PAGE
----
Trump finally agrees to Biden transition but still refuses to concede
President Donald Trump came his closest yet to admitting election defeat Monday after the government agency meant to ease Joe Biden's transition into the White House said it was finally lifting its unprecedented block on assistance.
Trump acknowledged it was time for the General Services Administration to "do what needs to be done."
In the same tweet he insisted that he was still refusing to concede, saying: "Our case STRONGLY continues, we will keep up the good fight, and I believe we will prevail!"
But for the Republican to sign off on the GSA's decision to work with the Biden transition team signaled that even he sees the writing on the wall after three weeks of evidence-free claims that the November 3 election was stolen from him.
This means that Biden's team will now have access to funds, office space and the ability to meet with federal officials.
Biden's office, which hours earlier announced a highly experienced group to be nominated for top US foreign policy and security posts, said the GSA would now allow "support necessary to carry out a smooth and peaceful transfer of power."
"In the days ahead, transition officials will begin meeting with federal officials to discuss the pandemic response, have a full accounting of our national security interests, and gain complete understanding of the Trump administration's efforts to hollow out government agencies," Biden's transition director Yohannes Abraham said in a statement.
The sudden break in Trump's dogged attempt to deny Biden's win came after Michigan became the latest state to certify its results and more powerful Trump supporters came out demanding that the impasse end.
Biden to shift diplomacy
Earlier, Biden announced a foreign policy and national security team crammed with veterans from the Barack Obama years, teeing up an end to the upheaval under Trump and a return to traditional US diplomacy.
Top of the list was former State Department number two Antony Blinken, tapped for secretary of state.
Biden also named the first female head of intelligence, the first Latino chief of Homeland Security, the first woman as treasury secretary, and a heavyweight pointman on climate issues -- Obama-era top diplomat John Kerry.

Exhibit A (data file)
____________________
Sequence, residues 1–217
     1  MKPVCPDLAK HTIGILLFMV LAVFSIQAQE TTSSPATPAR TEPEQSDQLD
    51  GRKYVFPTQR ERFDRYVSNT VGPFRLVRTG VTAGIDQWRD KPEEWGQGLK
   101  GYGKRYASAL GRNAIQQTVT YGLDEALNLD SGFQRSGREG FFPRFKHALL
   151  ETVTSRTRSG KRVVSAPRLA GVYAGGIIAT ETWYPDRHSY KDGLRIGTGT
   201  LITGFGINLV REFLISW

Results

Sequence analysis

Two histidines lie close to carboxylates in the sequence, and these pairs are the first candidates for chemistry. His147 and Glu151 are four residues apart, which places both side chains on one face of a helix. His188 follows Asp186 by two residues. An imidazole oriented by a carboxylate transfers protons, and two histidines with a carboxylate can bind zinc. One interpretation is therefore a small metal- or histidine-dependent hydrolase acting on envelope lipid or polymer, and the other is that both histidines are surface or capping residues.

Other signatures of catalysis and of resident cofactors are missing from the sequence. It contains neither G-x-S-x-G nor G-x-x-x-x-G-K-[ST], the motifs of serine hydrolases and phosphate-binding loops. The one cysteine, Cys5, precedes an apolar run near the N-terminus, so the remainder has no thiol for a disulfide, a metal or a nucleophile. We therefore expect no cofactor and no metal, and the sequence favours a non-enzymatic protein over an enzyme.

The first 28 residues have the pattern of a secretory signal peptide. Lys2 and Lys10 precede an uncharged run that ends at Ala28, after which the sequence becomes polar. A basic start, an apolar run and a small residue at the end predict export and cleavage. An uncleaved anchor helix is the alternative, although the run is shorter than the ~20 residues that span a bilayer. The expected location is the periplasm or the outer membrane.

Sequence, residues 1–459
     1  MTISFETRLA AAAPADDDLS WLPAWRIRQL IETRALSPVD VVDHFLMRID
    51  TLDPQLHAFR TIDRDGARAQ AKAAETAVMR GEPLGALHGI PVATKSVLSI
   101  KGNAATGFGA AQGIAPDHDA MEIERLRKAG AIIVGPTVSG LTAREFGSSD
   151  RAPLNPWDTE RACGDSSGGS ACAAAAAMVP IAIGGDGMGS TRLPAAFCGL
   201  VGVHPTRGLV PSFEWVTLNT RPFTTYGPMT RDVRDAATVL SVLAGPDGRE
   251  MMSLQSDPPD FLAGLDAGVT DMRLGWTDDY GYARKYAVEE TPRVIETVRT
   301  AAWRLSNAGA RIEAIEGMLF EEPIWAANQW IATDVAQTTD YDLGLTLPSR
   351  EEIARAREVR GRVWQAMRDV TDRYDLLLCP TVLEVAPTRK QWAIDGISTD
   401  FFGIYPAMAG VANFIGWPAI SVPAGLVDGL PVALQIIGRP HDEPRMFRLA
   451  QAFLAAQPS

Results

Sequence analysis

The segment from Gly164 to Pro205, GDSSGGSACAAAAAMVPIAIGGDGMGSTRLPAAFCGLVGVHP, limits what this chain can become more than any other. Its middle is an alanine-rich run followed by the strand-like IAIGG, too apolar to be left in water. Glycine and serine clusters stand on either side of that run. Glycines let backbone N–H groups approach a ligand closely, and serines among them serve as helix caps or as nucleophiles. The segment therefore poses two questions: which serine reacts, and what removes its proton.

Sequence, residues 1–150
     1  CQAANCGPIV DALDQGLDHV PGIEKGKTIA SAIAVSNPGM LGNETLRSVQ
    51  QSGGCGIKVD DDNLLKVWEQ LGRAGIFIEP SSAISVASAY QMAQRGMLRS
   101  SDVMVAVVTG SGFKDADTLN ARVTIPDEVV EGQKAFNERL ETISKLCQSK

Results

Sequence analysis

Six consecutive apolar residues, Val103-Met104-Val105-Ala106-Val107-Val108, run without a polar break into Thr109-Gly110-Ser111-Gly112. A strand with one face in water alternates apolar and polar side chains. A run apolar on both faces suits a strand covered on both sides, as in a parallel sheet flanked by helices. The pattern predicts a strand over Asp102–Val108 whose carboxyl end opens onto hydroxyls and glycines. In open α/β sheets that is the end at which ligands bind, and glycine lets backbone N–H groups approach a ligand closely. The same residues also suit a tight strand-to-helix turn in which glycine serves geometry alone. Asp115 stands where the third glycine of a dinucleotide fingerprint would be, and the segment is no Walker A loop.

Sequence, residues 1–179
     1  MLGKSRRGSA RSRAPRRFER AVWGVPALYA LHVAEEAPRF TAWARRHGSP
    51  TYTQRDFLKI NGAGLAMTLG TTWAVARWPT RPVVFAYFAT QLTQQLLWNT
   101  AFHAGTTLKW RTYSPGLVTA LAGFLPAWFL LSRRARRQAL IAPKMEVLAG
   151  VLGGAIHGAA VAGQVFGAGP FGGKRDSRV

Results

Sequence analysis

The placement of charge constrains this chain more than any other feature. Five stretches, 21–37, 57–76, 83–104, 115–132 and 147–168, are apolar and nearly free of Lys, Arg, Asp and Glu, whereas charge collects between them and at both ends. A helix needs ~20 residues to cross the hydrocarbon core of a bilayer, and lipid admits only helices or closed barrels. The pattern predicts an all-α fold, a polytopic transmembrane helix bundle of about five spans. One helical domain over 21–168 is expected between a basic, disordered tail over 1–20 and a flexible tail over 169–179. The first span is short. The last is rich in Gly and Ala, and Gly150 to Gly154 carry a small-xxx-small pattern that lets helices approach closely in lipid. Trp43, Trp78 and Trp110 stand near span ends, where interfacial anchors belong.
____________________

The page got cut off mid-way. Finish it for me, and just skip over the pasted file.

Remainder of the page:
The list put out by Biden's team ahead of a formal announcement Tuesday demonstrated a push to bring back the US role of leader in multilateral alliances, in contrast to Trump's "America first" regime.
"They will rally the world to take on our challenges like no other -- challenges that no one nation can face alone," Biden tweeted. "It's time to restore American leadership."
Blinken, a longtime advisor to Biden, will spearhead a fast-paced dismantling of Trump's go-it-alone policies, including rejoining the Paris climate agreement and the World Health Organization and resurrecting the Obama-crafted Iran nuclear deal.
Biden named the first woman, Avril Haines, as director of national intelligence, and Cuban-born Alejandro Mayorkas to head the Department of Homeland Security, the agency whose policing of tough immigration restrictions under Trump was a frequent source of controversy.
Signaling the Democratic president-elect's campaign promise to raise the profile of global warming threats, he named Kerry as a new special envoy on climate issues.
And in a further message of US reengagement with the international community, Biden named career diplomat Linda Thomas-Greenfield for UN ambassador.
Jake Sullivan, who also advised Biden when he was vice president under Obama, was named national security advisor.
Picked to manage the world's biggest economy as Treasury secretary was Janet Yellen, who will make history as the first woman in the job if confirmed. The 74-year-old was confirmed as Federal Reserve chairwoman under Obama in 2014 and replaced by Trump four years later.
The picks underline an emphasis on professionals whom Biden already knows well, in contrast to the Trump White House where officials were often picked without having traditional background for the job or proved incompatible and departed in acrimony.
The president, meanwhile, has largely halted at least his public work duties, while heading out to a golf course he owns in Virginia half a dozen times since the election.
He has also not taken questions from reporters since the election -- a previously unimaginable silence from a president who for most of his time in office sparred near daily with the press.
His options for overturning the election, however, are dwindling rapidly in the face of repeated court defeats.
With Biden having won a comfortable victory, Trump's last card is to disrupt the normally routine process of state-by-state certification of results, followed by the formal December 14 vote by the Electoral College. However, that too is bearing little fruit.
More cracks appeared in the facade of Republican unity on Monday when Senator Rob Portman said it was "time to expeditiously resolve any outstanding questions and move forward."
Senator Lamar Alexander, a senior Republican and close ally of Senate Majority Leader Mitch McConnell, said "it seems apparent that Joe Biden will be the president-elect."
"My hope is that President Trump will take pride in his considerable accomplishments, put the country first and have a prompt and orderly transition to help the new administration succeed," he said after having issued a similar if less forthright statement a few days earlier.
There was also a push from Trump's highest profile Wall Street backer, Stephen Schwarzman, head of the Blackstone private equity group, who told Axios "the country should move on."
Daily newsletterReceive essential international news every morningSubscribe